Knowhow-Now Article

Triggers That Start Psoriasis Flare Ups Vary

Individuals who live with psoriasis know that there are factors called "triggers" that when present can lead to the onset of a psoriasis flare-up. A flare-up is the first symptoms of the appearance of the skin condition known as psoriasis. Psoriasis sufferers hope for more good days when their skin is clear than bad days when they have psoriasis flare-ups.

Triggers:

Tip: Avoid shaving your skin when it's dry. Don't shave without lathering products like a shaving cream or something similar.

Not everyone has the same triggers but it is normal to have various triggers. The most common triggers that have been encountered are alcohol consumption, hormones, infection, and reaction to certain medications, skin injury, stress and other emotional responses, tobacco usage, Weather extremes.

Alcohol consumption:

Hormones

Infection
There have been studies that show that flare-ups can be preceded by certain infections such as strep throat, thrush (Candida albicans), HIV (Human immunodeficiency virus, boils (staphylococcal skin infections, strep throat (streptococcal pharyngitis, and also viral upper respiratory infections. If the infection is cleared quickly than often times the flare-up is not as intense and will clear up sooner than otherwise.

Tip: The best tip in skin care is to apply moisturizer every day. This will help keep your skin looking radiant, and also keep it from drying out.

There are certain medications that when taken can trigger the first flare-up of psoriasis. These medications include those taken for malaria or to prevent malaria which is called anti-malarial drugs. Beta-blockers are also a type of medication that can trigger psoriasis. Beta-blockers are used to treat high blood pressure and also heart conditions. Those individuals who already have psoriasis before taking beta-blockers will experience a worsening of their symptoms. Overuse of a medication that is commonly prescribed to treat psoriasis can actually cause flare-ups if they are overused or the individual suddenly withdrawals from using a high dose of the medication. Some oral corticosteroids can actually aggravate the condition. Lithium and indomethacin are two other medications that can trigger flare-ups.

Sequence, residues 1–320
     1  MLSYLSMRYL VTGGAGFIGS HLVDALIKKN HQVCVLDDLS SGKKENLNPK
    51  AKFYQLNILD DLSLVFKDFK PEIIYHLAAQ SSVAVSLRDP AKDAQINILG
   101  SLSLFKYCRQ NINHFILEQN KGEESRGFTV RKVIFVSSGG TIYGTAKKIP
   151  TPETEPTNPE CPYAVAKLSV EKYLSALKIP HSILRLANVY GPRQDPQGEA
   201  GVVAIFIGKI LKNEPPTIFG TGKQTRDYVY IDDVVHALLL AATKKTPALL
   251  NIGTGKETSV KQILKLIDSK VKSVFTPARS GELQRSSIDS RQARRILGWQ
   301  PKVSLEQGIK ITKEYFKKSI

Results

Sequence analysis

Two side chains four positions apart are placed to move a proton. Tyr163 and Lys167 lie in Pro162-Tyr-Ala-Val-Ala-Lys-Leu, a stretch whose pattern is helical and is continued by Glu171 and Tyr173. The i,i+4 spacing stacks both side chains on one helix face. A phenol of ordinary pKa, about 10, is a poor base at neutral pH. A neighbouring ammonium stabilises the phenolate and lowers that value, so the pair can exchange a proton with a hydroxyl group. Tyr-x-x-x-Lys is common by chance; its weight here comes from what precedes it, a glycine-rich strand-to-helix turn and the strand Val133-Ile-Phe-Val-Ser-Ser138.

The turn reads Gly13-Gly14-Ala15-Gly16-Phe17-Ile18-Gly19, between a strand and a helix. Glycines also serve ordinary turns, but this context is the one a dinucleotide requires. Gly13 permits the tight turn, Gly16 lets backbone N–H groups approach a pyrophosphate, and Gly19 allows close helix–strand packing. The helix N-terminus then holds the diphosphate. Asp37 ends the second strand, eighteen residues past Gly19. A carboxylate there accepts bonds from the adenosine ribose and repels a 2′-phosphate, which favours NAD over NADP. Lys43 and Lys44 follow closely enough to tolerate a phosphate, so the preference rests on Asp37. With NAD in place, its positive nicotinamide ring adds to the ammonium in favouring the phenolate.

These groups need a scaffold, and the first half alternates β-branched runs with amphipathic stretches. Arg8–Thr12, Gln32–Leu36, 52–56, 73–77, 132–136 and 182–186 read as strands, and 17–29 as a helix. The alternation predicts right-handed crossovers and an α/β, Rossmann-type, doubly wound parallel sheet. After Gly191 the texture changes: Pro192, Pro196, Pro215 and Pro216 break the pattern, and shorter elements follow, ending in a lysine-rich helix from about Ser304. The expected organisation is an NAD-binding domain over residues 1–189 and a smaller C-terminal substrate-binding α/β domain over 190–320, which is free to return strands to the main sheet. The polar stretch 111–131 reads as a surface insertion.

Skin injury
Koebner phenomenon is a condition that affects those with psoriasis in that if they experience a break in the skin like from an injury such as a cut, being scratched, the skin is rubbed rigorously or they receive a sunburn; psoriasis will flare-up. The relationship between skin injury and a new psoriasis flare-up has been observed quite frequently by psoriasis patients and by those who treat them.

Koebner's phenomenon can be caused by skin conditions as well as skin injury. The most common injuries and conditions that can do this are: acupuncture, adhesive tape reaction, bites, boils, chafing, chemical irritations, cuts and also scrapes, dermatitis, herpes blisters, lichen planus, pressure against the skin especially if there is rubbing, scabies, and vaccinations.

Approximately half of all individuals who have psoriasis will experience Koebner's phenomenon. The risk of this phenomenon occurring may increase when there are already psoriasis lesions present when the injury or condition happens.
Stress and other emotional responses
Stress and other emotions can trigger psoriasis flare-ups or make it worse according to scientific studies. Not only can it worsen the condition it can actually increase the intensity of the itching. The condition itself creates social stress and stress on the job or just getting a job; so it is a double-edged sword. To make matters worse certain treatments that are meant to clear up flare-ups are time-consuming, can create side effects that can be stressful and also the fact that the treatments can be costly will induce stress. Other emotions that can also trigger psoriasis are fear, embarrassment, anxiety and anger.
Weather extremes
Cold weather is one trigger that most psoriasis sufferers have in common. Immune systems are compromised when the stress of holidays combine with the cold weather of winter and the other triggers of the season (people stressing out, drinking alcohol). Extreme heat and air-conditioning can dry the skin.

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